CoAL winds up col­liery ac­qui­si­tion for R275m

The Star Early Edition - - COMPANIES - Di­neo Faku

SHARES of Coal of Africa (CoAL), the Aus­tralian-based ju­nior coal pro­ducer, dropped 8.33 per­cent to close at 44 cents a share on the JSE yes­ter­day, fol­low­ing news that it had com­pleted the R275 mil­lion ac­qui­si­tion of Uitkomst Col­liery from Pan African Resources.

CoAL said that it would assume own­er­ship, con­trol and man­age­ment of the KwaZu­luNatal col­liery from Fri­day.

“We look for­ward to in­cor­po­rat­ing the Uitkomst Col­liery into CoAL, which we be­lieve rep­re­sents a trans­for­ma­tive op­por­tu­nity to pro­vide cash flow to sup­port CoAL as the com­pany con­tin­ues to progress its flag­ship Makhado project,” CoAL’s chief ex­ec­u­tive, David Brown, said.

Share is­sue

In a sep­a­rate state­ment, Pan African Resources said yes­ter­day that it would re­ceive R125m in cash as part of the deal and R125m through the is­sue of more than 261 mil­lion new or­di­nary shares in CoAL on Fri­day.

It also said the bal­ance of R25m was ex­pected to be made through a de­ferred pay­ment, with in­ter­est, any time be­fore the sec­ond an­niver­sary of the ef­fec­tive date.

“If the de­ferred con­sid­er­a­tion, and any in­ter­est ac­crued thereon, is not paid to Pan African by the sec­ond an­niver­sary of the ef­fec­tive date, Pan African may elect to have the amount due to it set­tled through the is­sue of new CoAL or­di­nary shares at a price per share equal to the 30-day vol­ume weighted av­er­age price of a CoAL or­di­nary share as traded on the ex­change op­er­ated by the JSE pre­vail­ing on the last trad­ing day im­me­di­ately prior to the date that such elec­tion is made,” the com­pany said.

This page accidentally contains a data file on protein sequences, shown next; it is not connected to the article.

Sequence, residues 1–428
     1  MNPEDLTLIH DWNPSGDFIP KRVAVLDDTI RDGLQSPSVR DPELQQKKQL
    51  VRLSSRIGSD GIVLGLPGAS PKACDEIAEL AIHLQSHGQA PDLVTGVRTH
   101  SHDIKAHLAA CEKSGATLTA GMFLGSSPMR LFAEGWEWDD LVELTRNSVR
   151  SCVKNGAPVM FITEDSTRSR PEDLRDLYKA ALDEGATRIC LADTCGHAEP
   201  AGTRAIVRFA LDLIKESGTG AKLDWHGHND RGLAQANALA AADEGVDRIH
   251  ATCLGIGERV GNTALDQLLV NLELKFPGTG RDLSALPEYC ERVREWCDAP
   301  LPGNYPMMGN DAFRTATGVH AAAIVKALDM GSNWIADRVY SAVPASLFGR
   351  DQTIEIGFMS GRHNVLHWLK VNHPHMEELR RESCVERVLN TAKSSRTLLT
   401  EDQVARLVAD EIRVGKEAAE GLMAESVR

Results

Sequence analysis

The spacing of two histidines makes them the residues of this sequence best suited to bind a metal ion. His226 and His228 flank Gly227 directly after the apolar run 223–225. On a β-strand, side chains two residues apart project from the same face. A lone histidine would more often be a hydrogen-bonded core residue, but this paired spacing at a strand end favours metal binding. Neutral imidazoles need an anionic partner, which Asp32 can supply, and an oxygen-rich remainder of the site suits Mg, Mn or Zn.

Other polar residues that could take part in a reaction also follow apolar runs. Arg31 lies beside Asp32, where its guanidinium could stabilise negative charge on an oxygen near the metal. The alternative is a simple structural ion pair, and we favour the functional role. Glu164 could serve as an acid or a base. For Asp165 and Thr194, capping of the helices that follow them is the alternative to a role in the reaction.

CoAL has been a dis­ap­point­ment for in­vestors on the JSE, with its share price los­ing 21 per­cent in the year to date.

Al­though CoAL has a pipe­line of projects that will sup­port it for many years, it has said it would be un­able to gen­er­ate rev­enues from its projects over the next two to three years.

The com­pany said that it needed to ac­quire a cash-gen­er­at­ing as­set, par­tic­u­larly af­ter its plan to ac­quire Uni­ver­sal Coal had fallen through last year.

CoAL said that the main rea­son its plans to ac­quire Uni­ver­sal had lapsed was the sig­nif­i­cant un­cer­tainty over the cash-gen­er­at­ing po­ten­tial of Uni­ver­sal’s New Cly­des­dale Col­liery. It was re­ported at the end of 2015 that be­tween 30 per­cent and 40 per­cent of the value of Uni­ver­sal was con­tained in New Cly­des­dale, which is in Mpumalanga.

Eskom con­tract

CoAL said in its 2016 an­nual re­port that Cly­des­dale’s con­tract with Eskom was due to have been signed dur­ing 2015, with pro­duc­tion ex­pected by the first half of last year.

“Un­for­tu­nately, by the time we came to clos­ing out the trans­ac­tion, this Eskom mat­ter had not been re­solved. This would have im­pacted on our abil­ity as an en­larged group to re­deem the loan notes as and when they were due,” the an­nual re­port said.

CoAL which has a mar­ket cap of R1.15 billion, has been a dis­ap­point­ment for in­vestors on the JSE, with its share price los­ing 21 per­cent in the year to date.

Newspapers in English

Newspapers from South Africa

© PressReader. All rights reserved.